Drawing Toward The Center: Labyrinths Through Time and Space
AN ESSAY BY MARA FISHER
“ALL INTERPRETATIONS SIGNIFY THAT THE USE OF LABYRINTHS REFLECTS A HUMAN INSTINCT TO LEAVE AN IMPRINT UPON THE EARTH, TO CONTEMPLATE NATURE AND ITS COMPLEXITIES AND TO EXAMINE ONE’S OWN EXISTENCE, AND PERHAPS THAT OF A HIGHER POWER.”
The meandering pathway of the labyrinth has been used by humans for thousands of years to help develop an understanding of the natural world and to engage in a profound search for the self. The path of the labyrinth may symbolize life’s trajectory or the passing of time; its indirect yet decisive path can be said to align with ideas about a preordained fate, or the unpredictability of existence. All interpretations signify that the use of labyrinths reflects a human instinct to leave an imprint upon the earth, to contemplate nature and its complexities and to examine one’s own existence, and perhaps that of a higher power.
The labyrinth design precedes that of the maze by centuries, and is considered by some scholars to be the defining example of mankind’s artistry — unlike a circle or line, the symbol doesn’t replicate a form actually found in nature, making it perhaps one of the first instances of visual culture derived purely from imagination.
The first known labyrinth symbol — the seven-circuit classic or “Cretan” labyrinth — has appeared in locations all over the world, weaving its way in and out of our collective consciousness from prehistoric times until today. Though there has been much speculation about petroglyphs depicting labyrinths that may date to the Neolithic period, the earliest known example of the seven-circuit classic labyrinth symbol is from an inscribed clay tablet dated to 1200 BC from the Mycenaean palace at Pylos in southern Greece. The symbol would later be used across the Mediterranean to decorate Cretan coins used at Knossos from around 300 to 70 BC as a tribute to the mythical labyrinth of King Minos, Theseus and the Minotaur.
The myth of the half-man, half-bull Minotaur and the labyrinth was well known in the ancient world — Herodotus referred to it, and the Roman poet Ovid later included the legend in his 8 AD narrative poem Metamorphoses. The transformative power of a winding, indirect path appeared to be on the minds of ancient Greek poets and audiences as well. Homer’s The Odyssey from the 8th century BC tells the tale of a decade-long labyrinthine journey that leads its protagonist, Odysseus, through a number of perilous encounters and eventually to his physical home and proverbial “center.” The legend of Theseus and the Minotaur illustrates the allegory of human development into adulthood by means of a literal labyrinth — the youth enters the spiraling structure designed by Daedelus and emerges triumphant, enlightened by his experience and ready to assume his role as king of Athens.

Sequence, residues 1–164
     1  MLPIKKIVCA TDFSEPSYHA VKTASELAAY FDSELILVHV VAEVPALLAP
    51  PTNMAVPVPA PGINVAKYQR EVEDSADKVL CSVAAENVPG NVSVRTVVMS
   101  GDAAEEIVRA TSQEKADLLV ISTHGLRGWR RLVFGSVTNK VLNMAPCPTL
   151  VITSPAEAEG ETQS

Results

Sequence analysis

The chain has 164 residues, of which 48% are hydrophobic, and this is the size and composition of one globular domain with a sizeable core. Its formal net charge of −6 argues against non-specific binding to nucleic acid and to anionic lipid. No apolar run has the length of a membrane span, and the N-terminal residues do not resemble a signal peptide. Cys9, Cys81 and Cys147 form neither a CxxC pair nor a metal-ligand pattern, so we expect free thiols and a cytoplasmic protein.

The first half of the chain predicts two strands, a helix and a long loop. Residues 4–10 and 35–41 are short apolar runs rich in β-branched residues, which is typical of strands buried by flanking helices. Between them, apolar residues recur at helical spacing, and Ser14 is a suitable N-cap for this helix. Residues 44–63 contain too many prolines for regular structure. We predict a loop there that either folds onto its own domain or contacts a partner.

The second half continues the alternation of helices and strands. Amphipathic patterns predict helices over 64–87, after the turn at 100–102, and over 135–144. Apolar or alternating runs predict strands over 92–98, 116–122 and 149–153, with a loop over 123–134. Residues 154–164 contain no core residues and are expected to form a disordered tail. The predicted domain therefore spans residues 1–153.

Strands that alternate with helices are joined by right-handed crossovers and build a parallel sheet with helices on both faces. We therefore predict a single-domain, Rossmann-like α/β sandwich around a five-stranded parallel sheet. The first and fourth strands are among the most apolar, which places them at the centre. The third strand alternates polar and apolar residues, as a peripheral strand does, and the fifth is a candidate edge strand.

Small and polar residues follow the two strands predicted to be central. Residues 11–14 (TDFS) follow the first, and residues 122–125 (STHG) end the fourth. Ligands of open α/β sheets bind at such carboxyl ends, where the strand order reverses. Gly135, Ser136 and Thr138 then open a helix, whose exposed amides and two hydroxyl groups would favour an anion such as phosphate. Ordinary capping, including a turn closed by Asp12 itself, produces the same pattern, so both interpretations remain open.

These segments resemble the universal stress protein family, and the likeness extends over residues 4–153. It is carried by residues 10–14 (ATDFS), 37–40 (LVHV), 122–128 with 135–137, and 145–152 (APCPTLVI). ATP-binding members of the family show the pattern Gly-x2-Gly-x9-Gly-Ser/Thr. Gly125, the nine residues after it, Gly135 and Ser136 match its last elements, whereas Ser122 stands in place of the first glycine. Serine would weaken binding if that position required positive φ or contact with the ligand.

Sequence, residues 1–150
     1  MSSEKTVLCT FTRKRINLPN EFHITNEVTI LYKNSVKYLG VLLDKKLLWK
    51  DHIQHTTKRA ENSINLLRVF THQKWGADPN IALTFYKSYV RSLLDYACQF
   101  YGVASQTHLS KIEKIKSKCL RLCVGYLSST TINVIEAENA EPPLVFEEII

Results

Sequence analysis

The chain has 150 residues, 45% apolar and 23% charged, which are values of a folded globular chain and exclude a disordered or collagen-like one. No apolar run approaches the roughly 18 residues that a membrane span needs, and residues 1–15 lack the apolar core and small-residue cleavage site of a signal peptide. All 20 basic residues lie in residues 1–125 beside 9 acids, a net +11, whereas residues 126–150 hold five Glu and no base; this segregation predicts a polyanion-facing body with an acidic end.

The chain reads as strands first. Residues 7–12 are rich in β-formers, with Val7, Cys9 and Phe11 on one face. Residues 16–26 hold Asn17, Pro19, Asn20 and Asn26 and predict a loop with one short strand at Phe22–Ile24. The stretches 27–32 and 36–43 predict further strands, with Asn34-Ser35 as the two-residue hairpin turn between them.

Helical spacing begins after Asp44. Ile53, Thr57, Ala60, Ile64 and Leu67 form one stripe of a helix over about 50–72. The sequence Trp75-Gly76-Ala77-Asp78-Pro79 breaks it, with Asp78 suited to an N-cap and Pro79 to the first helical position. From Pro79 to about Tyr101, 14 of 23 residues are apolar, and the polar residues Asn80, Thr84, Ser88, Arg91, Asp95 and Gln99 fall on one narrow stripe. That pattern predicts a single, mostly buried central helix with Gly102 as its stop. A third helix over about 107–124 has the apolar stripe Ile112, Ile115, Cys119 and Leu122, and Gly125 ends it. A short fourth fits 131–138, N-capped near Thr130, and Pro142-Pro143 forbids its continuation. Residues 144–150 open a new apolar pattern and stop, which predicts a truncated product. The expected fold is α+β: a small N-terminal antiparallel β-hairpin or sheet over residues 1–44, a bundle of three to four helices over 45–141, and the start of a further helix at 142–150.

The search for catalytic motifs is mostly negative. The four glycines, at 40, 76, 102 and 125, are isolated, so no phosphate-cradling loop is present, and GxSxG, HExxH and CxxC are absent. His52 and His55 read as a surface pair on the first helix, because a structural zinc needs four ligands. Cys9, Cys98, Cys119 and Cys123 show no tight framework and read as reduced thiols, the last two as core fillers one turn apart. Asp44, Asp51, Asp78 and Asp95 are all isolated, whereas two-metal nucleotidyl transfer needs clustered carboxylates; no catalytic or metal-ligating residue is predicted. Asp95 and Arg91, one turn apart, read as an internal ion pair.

It is known that the Romans celebrated the labyrinth for both its narrative potential and its visual appeal, incorporating it as a design into elaborate mosaic floors and walls in baths, public buildings and private villas between the second century BC and fifth century AD. For the Romans, labyrinths were purely decorative — stripped of their philosophical meaning, these graphic elements were rarely intended to be interactive motifs for users to trace or walk upon.
The archetype of the labyrinth has been used extensively by artists, writers and filmmakers in the last several generations to convey subjects that are mysterious, obscure or confusing, or as an allegory for the intricacies of the human mind. Director Stanley Kubrick uses the symbol as a visual device suggesting the dangerous potential of the mind in his 1980 film The Shining — at the film’s climax, the auxiliary characters have to weave their way through a hedge maze as the protagonist’s psyche devolves into madness. In an exploration of the fantastic possibilities residing within the human mind, Spanish painter, sculptor and ceramicist Jean Miró designed a colorful labyrinthine garden at the Maeght Foundation in Saint-Paul de Vence, France as a means for visitors to experience the winding course of his imagination.
Whether a labyrinth is traversed by walking through it, or tracing with our eyes or fingers, its twists and turns create a rhythm that can variably quiet the mind or thwart malevolent spirits, communicate power or provide a metaphorical journey into the self and back out again. Though their origins have been obscured by the passing of time, a labyrinth’s convolutions contain within them an inherent, unspoken essence that has resonated with humans at different times and in various places across the globe. What these groups have in common is an understanding that the least direct path can at times be the most illuminating — though some turns appear to return us to familiar terrain, they eventually bring us ever forward, ever closer toward the center.